If they do not tell you why and you do not read it, you might be in trouble because now the prompts are based off that article they sent you a week or two ago. They may tell you, “Read this article. You will have to write an essay on it during the interview.” I do not know whether they are going to tell you or not. Some schools have and some schools have not. If they do send you anything like that, read it and make sure you know it by heart. Make sure you understand it and have some concrete ideas. If they were to ask you some kind of on-the-spot essay, you could come up with something.

They could also completely give you a random prompt that has nothing to do with medicine at all. It could be completely off the wall, meaning they want to see how well you can organize your thoughts on a topic you are not familiar with at all. It goes back to the personality style questions, how quickly you can think on your toes and how you can organize your thoughts when you are put on the spot. That is the kind of rationale behind using those types of interview questions.

They could ask you these random questions, not to belittle you but to see if you can think on your toes. Click To Tweet

EQ Test

The next one is a CCRN-style test or an emotional intelligence test. I should mention that too. Some schools are using a test called CASPer and unfortunately, you cannot practice it before. It is out there. It is an actual EQ test that you can take or an exam that evaluates your emotional intelligence. The CCRN-style test is what they call a BKAT, A Basic Knowledge Assessment Test. You can look this up again. I do believe you can actually buy this test online. It does take up 2 or 3 weeks to be shipped to your house, so you have to plan ahead for this if you want to see this type of test ahead of time.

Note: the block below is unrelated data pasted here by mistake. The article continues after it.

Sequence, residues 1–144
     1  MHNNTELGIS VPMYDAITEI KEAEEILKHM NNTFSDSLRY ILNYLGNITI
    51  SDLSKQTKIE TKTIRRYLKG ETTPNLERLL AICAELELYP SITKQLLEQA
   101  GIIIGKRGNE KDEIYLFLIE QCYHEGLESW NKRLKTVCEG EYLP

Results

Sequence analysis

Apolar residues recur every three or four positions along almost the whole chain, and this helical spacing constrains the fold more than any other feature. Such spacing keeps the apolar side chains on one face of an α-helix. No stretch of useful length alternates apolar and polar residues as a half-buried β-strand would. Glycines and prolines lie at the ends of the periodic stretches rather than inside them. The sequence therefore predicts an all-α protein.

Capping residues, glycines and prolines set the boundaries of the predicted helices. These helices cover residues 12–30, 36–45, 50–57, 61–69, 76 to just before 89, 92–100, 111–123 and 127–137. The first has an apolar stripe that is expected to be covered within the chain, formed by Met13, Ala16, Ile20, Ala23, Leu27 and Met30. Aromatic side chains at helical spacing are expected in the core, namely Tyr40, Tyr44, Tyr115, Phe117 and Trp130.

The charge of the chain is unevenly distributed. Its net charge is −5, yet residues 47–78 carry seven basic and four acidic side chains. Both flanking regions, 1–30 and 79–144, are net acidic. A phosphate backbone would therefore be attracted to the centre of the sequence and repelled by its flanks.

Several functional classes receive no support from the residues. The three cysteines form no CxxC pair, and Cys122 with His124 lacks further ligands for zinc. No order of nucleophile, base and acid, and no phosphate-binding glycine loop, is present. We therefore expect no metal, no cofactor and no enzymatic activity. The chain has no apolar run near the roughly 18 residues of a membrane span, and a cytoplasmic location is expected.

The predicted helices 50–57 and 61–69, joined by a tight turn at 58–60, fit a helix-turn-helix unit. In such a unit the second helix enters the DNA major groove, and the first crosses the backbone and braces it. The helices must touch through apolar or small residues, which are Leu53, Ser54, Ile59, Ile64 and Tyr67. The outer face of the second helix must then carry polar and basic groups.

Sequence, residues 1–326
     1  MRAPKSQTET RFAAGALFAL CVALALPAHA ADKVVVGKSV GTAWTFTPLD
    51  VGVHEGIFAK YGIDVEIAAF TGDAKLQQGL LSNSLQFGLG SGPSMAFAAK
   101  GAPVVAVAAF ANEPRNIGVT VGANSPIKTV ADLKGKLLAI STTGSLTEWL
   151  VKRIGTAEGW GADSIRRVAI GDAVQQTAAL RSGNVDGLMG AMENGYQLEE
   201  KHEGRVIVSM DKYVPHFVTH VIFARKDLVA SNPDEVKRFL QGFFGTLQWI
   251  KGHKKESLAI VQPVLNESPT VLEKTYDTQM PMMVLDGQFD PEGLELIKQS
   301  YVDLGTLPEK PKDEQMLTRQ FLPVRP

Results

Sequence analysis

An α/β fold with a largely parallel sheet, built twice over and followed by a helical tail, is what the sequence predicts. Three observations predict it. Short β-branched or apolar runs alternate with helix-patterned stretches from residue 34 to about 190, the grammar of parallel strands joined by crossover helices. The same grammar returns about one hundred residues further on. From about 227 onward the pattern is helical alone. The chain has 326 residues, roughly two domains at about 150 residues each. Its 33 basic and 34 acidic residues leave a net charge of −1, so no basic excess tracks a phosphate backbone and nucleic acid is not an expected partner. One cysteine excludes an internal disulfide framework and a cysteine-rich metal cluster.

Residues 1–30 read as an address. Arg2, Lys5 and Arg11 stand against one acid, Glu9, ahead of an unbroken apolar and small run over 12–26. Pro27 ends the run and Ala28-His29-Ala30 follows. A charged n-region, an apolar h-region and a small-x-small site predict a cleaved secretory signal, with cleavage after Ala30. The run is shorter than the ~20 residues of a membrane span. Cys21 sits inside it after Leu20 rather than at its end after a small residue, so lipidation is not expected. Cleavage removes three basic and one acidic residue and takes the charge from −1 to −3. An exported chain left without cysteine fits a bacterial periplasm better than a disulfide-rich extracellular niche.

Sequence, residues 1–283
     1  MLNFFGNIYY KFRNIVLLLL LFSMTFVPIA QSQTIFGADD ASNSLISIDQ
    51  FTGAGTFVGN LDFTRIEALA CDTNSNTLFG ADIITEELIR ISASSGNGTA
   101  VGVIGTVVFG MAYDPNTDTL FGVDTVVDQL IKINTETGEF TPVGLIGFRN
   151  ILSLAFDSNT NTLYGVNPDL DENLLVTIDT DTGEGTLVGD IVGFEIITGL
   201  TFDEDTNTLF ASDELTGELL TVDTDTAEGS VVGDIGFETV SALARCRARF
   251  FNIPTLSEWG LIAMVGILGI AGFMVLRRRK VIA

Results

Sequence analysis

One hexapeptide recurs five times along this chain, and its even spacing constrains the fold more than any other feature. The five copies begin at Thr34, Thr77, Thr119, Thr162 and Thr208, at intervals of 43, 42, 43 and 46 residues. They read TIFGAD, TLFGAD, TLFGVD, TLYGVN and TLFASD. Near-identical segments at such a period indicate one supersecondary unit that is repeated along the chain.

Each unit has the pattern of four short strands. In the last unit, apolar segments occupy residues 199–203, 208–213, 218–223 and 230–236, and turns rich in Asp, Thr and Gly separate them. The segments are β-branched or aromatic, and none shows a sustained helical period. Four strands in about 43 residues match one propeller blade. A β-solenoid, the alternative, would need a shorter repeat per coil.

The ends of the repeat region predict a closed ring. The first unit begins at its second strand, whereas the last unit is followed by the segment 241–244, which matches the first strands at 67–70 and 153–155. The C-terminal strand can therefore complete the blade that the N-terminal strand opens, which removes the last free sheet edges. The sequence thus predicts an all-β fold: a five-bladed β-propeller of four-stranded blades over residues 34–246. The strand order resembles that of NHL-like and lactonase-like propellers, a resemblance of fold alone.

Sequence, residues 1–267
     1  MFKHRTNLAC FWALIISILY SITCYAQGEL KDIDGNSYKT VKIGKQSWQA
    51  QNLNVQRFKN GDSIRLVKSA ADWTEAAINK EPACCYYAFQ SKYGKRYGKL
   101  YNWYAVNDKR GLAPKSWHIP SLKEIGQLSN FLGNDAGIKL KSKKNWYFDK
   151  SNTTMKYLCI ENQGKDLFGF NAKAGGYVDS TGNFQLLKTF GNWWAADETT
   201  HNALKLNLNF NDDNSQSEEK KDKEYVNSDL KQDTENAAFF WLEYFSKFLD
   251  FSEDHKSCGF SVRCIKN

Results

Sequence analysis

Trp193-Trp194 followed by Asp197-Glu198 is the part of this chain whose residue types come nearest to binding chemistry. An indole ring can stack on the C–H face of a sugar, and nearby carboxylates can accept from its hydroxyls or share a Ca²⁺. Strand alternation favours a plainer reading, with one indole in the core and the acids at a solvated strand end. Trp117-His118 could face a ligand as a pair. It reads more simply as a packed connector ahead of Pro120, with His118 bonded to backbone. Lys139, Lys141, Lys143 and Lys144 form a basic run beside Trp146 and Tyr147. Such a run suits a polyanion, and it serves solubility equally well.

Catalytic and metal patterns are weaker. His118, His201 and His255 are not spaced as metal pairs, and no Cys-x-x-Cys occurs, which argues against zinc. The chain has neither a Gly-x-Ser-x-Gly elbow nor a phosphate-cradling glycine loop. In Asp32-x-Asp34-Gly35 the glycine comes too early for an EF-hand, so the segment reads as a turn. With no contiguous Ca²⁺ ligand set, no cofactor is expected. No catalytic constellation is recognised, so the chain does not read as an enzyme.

There is no online format. It is all written format. You have to mail away for it.. I think it is only $20. I think it would be well worth it if you could plan far enough ahead to go ahead and get that test. You might as well. It would not hurt anything. That is a basic knowledge assessment test. From what I have heard from students who have taken it, it is a smaller version of the CCRN. It is much easier than the CCRN is, so they say. It is a played-down version of it. I made a CCRN-style test inside CRNA School Prep Academy on the resource page. It is a variation of the CCRN-style test.

You could take a CCRN-style book and practice questions, and you should be in good shape. I am telling you to practice. Also, keep in mind, some schools make up their entire own variation of their CCRN style tests. I know my school did. They had basic math calculations. I was even asked head math during my interview like, “If you had a 0.4 milligram per kilo medication and you had a 60-kilo patient, how many milligrams would you give?” Basic head math on the spot in the interview, knowing some basic math, knowing ratios, percentages, conversions, all that is very important when you go into your CRNA interview.